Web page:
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I have a php script I need to run every 5 seconds (run, wait until it's done, wait 5 seconds, run again)

I have two ways of doing it. either have an infinte loop in the script with a sleep function that would look like that:

while (1)
{
   do_stuff();
   sleep 5;
}

or have bash script that will run the script and wait for 5 seconds. It would look like that

while [ 1 ]; do
    php script.php &
    wait
    sleep 5
done

I was wondering what is the most efficient way to do it.

The php script i am running is a codeigniter controller that does a lot of database calls..

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3 Answers 3

up vote 7 down vote accepted

If you're doing a lot of DB calls, then do the sleep within php. That way you're not paying the php startup penalty, the connect-to-the-db penalty, etc... that'l be incurred if you're sleeping in bash.

When you do the bash loop, you'll be starting/running/exiting your script each iteration, and that overhead adds up quickly on long-running scripts.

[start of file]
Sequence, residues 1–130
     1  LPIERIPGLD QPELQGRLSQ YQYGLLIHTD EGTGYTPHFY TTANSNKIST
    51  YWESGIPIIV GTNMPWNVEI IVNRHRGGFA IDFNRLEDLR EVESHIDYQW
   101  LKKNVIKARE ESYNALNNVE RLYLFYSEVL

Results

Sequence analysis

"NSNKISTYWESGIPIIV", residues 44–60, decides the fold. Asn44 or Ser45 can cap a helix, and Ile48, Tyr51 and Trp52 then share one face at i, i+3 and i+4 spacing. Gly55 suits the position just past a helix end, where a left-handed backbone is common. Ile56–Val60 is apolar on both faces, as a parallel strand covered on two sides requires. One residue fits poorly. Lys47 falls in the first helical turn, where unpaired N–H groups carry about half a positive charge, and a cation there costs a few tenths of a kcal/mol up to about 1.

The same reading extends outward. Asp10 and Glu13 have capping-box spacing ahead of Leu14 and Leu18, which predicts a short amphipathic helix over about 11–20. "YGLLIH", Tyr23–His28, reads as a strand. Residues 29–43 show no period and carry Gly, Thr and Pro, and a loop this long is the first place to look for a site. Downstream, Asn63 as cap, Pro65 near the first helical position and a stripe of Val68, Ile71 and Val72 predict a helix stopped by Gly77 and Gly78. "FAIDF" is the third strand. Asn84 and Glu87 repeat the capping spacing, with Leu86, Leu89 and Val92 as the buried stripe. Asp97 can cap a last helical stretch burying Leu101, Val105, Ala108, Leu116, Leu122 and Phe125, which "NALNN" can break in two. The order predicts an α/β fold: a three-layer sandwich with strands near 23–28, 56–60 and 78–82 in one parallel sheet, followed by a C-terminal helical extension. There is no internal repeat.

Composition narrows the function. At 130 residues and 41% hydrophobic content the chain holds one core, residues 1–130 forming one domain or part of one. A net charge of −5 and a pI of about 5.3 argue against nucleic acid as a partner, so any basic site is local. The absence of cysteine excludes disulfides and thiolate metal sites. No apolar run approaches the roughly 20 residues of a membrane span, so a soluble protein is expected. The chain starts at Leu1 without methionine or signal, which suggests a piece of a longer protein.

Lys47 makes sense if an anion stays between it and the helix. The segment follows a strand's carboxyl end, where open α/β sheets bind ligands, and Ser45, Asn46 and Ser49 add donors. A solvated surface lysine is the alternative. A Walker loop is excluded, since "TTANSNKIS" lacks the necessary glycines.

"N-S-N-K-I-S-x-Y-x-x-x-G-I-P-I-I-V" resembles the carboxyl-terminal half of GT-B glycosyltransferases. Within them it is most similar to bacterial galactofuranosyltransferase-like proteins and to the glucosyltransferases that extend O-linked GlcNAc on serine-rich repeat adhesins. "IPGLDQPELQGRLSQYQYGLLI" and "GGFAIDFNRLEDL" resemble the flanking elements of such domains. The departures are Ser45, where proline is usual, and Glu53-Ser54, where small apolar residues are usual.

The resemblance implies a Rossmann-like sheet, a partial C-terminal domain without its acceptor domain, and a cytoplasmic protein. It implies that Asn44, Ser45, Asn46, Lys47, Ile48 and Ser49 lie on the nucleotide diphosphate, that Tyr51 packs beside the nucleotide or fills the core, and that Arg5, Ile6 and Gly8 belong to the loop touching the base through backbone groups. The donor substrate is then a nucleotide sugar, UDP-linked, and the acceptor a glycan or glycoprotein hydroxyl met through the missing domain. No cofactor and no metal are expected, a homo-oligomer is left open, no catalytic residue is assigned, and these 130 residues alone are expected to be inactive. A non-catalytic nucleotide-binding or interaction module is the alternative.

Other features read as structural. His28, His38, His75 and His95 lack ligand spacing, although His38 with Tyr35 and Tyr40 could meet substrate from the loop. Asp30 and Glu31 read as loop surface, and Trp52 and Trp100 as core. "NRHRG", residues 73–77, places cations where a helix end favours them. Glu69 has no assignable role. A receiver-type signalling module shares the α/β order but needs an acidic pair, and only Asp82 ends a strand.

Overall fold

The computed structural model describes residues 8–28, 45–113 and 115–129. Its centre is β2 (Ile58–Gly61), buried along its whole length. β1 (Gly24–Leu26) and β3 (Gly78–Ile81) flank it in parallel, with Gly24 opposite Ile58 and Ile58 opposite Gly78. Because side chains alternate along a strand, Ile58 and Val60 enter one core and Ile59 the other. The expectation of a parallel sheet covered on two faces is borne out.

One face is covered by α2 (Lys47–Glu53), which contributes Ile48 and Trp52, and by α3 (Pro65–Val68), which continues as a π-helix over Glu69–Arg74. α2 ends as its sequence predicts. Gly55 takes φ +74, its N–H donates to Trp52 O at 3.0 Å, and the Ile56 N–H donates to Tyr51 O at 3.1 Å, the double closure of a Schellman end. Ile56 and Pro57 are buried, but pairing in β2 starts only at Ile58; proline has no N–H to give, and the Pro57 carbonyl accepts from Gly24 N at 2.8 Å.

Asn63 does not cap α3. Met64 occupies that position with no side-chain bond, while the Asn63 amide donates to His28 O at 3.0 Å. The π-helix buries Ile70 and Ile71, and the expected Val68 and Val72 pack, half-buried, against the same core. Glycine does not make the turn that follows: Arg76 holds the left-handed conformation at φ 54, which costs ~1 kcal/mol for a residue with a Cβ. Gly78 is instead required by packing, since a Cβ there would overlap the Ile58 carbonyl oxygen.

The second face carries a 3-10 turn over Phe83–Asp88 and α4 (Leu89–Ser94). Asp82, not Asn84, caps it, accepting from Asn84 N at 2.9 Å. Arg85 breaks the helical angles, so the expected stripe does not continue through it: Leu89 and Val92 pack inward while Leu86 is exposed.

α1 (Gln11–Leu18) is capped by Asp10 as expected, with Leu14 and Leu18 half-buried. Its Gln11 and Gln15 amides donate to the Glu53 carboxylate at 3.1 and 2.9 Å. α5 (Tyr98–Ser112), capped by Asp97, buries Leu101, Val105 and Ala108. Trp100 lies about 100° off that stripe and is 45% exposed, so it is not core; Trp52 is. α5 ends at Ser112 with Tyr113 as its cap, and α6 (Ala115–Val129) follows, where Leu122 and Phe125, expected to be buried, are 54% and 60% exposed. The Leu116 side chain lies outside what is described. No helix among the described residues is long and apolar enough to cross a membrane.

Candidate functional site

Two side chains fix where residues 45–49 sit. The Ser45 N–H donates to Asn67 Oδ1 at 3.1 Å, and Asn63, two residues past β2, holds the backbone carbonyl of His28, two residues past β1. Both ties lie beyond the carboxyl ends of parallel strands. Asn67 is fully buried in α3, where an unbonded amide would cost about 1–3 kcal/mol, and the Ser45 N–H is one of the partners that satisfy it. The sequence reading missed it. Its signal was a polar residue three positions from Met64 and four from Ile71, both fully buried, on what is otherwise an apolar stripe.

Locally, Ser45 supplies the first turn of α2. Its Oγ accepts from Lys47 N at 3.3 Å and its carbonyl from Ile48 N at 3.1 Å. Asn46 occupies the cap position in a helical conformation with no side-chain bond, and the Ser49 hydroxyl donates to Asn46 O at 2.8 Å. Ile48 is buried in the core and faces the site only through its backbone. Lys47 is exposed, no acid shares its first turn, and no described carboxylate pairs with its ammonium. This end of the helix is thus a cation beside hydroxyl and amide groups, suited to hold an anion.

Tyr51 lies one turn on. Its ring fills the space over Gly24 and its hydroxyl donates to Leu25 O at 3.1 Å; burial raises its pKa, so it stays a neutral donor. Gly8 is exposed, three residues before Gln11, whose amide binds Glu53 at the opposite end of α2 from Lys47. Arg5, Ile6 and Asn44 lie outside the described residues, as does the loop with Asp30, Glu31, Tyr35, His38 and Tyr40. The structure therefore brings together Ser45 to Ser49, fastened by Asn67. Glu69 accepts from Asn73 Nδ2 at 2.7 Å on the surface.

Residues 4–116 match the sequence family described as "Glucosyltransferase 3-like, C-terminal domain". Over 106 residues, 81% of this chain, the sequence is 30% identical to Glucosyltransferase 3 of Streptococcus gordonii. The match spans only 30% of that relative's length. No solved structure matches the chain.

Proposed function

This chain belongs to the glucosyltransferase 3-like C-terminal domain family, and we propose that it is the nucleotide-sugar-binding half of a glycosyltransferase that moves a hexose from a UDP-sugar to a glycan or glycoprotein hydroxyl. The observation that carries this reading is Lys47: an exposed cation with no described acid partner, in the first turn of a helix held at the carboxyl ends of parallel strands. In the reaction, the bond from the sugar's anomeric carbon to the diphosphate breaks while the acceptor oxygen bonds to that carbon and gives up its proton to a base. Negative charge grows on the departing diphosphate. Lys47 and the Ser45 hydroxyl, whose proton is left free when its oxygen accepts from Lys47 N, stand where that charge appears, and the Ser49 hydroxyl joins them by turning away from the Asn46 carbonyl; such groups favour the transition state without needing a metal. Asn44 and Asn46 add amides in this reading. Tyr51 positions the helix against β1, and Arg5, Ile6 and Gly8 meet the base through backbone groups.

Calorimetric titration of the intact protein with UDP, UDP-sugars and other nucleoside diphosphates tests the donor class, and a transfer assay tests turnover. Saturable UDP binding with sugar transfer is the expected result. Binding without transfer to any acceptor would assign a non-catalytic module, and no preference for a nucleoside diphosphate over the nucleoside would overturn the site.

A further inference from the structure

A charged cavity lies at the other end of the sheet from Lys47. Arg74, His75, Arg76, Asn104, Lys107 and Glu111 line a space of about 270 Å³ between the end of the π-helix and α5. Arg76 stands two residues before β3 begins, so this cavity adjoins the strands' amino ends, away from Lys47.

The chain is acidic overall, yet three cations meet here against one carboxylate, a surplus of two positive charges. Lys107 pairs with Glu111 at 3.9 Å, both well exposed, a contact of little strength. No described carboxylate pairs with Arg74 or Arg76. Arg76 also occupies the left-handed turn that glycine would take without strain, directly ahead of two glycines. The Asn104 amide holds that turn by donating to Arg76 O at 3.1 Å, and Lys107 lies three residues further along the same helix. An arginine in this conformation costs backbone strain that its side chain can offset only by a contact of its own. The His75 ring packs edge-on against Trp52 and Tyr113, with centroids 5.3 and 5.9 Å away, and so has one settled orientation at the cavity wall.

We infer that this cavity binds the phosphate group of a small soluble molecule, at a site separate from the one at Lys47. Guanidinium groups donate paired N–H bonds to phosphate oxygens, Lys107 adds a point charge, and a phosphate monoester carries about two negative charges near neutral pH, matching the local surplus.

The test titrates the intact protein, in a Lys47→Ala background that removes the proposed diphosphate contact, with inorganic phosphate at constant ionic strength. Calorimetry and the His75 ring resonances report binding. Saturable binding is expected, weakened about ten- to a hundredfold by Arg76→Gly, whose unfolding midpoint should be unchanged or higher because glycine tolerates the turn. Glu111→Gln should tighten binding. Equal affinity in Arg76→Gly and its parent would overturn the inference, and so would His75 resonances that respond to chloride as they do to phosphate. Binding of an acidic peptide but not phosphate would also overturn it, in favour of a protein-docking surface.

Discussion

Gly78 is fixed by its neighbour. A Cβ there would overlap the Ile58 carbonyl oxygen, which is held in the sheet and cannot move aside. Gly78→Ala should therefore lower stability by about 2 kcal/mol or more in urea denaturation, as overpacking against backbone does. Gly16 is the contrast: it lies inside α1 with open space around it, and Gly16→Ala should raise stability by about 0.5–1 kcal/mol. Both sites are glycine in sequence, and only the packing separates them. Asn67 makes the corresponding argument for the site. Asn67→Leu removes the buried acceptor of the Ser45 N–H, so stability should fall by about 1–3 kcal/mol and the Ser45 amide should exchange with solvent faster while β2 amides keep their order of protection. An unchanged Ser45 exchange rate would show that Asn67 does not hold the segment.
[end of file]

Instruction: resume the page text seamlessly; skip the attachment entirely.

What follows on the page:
On the other hand, at least you'll start with a "clean" environment each time, and won't have to worry about memory leaks within your script. You may want to combine both, so that you loop/sleep within PHP (say) 100 times, then exit and loop around in Bash.

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Typically all PHP scripts have a timeout - unless you are running from CLI - so your first method will work for 30 to 60 seconds (depending on your server configuration) and then will be forcibly terminated.

I'd tend to suggest either a command-line option or even (and this depends on how regularly you want the code to run) a cron command to execute it.

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It will of course be running from command line. Timeouts are not a problem –  chaft Mar 22 '12 at 16:46

This might depend on what else the system is doing. I would think that the BASH solution could be better handled by the system to free up resources for other applications.

The number of database calls seems like it would be less important, because you need to make those either way. The cost of running the script from BASH is the time to build up and strip down the CodeIgniter framework. But CodeIgniter is already designed to do this in a normal web application and performs fast enough.

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